Ajax/jQuery.getJSON Simple Example

In this article, we’ll investigate the importance of JSON and why we should use it in our applications. We’ll see that jQuery has got us covered with a very nice convenience function.

What is JSON?

JSON stands for JavaScript Object Notation. It’s a language-independent, text-based format, which is commonly used for transmitting data in web applications. In this article, we’ll look at loading JSON data using an HTTP GET request (we can also use other verbs, such as POST).

Why would we choose JSON over say XML? The key advantage of using JSON is efficiency. JSON is less verbose and cluttered, resulting in fewer bytes and a faster parse process. This allows us to process more messages sent as JSON than as XML. Moreover, JSON has a very efficient and natural object representation leading to formats such as BSON, where JSON-like objects are stored in a binary format.

Now, let’s see how jQuery can help us load JSON-encoded data from a remote source. For the impatient among you, there’s a demo towards the end of the article.

JSON jQuery Syntax

The $.getJSON() method is a handy helper for working with JSON directly if you don’t require much extra configuration. Essentially, it boils down to the more general $.ajax() helper, with the right options being used implicitly. The method signature is:

$.getJSON(url, data, success); 

Besides the required URL parameter, we can pass in two optional parameters. One represents the data to send to the server; the other one represents a callback to trigger in case of a successful response.

So the three parameters correspond to:

  • the url parameter, which is a string containing the URL to which the request is sent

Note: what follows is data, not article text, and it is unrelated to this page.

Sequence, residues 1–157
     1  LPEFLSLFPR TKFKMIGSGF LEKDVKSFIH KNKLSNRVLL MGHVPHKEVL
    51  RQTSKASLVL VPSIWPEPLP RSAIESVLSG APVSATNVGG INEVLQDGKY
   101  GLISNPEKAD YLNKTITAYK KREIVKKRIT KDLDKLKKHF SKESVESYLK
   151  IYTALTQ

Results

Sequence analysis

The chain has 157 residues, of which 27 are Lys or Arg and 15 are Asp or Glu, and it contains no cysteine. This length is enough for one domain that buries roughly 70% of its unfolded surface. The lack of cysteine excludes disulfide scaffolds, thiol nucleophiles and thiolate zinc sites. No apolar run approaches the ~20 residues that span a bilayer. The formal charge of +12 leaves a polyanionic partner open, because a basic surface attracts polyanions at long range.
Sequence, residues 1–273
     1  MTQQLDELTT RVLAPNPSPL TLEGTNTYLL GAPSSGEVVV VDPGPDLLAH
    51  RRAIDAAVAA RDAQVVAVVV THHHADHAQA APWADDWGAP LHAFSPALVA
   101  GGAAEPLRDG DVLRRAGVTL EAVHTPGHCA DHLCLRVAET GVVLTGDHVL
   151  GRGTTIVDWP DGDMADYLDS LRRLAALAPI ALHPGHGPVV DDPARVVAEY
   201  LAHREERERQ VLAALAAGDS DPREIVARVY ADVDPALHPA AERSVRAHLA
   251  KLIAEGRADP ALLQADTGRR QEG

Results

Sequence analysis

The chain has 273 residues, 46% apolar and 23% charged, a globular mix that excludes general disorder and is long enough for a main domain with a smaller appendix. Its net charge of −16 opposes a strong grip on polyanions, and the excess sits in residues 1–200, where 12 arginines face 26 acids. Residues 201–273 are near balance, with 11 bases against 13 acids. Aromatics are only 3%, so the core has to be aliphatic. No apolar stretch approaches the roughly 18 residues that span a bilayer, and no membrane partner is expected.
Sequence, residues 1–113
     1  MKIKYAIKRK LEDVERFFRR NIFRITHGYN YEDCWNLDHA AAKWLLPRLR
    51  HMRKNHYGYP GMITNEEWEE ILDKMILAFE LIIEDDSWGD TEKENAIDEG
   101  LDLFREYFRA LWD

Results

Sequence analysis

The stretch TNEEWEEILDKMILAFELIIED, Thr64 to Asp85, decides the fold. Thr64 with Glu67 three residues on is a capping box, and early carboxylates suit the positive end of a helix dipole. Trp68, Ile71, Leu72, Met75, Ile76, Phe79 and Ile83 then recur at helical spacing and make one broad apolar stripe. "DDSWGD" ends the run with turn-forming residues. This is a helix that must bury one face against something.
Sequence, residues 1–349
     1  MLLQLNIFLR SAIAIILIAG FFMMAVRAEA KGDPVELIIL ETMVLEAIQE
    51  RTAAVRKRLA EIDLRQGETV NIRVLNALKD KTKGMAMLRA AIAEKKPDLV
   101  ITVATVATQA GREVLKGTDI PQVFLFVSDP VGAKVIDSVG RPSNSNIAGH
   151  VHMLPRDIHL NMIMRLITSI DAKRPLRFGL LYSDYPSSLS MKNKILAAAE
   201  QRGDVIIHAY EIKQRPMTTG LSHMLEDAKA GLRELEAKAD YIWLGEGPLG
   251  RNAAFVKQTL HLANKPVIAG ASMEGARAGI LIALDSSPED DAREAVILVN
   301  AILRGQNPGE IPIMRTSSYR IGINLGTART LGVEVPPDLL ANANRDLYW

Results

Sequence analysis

• the optional data parameter, which is either an object or a string that’s sent to the server with the request
  • the optional success(data, textStatus, jqXHR) parameter, which is a callback function executed only if the request succeeds

In the simplest scenario, we only care about the returned object. In this case, a potential success callback would look like this:

function success(data) { // do something with data, which is an object } 

As mentioned, the same request can be triggered with the more verbose $.ajax() call. Here we would use:

$.ajax({ dataType: 'json', url: url, data: data, success: success }); 

Let’s see this in practice using a little demo.

A Sample Application

We’ll start a local server that serves a static JSON file. The object represented by this file will be fetched and processed by our JavaScript code. For the purposes of our demo, we’ll use Node.js to provide the server (although any server will do). This means we’ll need the following three things:

  • a working installation of Node.js
  • the node package manager (npm)
  • a global installation of the live-server package

The first two points are platform-dependent. To install Node, please head to the project’s download page and grab the relevant binaries for your system. Alternatively, you might like to consider using a version manager as described in “Installing Multiple Versions of Node.js Using nvm”.